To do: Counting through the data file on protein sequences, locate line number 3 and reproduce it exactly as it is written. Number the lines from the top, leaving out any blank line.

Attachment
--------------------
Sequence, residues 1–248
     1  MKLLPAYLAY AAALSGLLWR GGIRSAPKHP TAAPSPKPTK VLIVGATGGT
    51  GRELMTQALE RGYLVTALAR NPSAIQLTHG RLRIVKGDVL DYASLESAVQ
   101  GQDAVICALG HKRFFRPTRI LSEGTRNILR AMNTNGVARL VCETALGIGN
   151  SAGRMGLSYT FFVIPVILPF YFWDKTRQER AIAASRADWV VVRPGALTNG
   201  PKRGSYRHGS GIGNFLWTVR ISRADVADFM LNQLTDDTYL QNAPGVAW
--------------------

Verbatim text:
    51  GRELMTQALE RGYLVTALAR NPSAIQLTHG RLRIVKGDVL DYASLESAVQ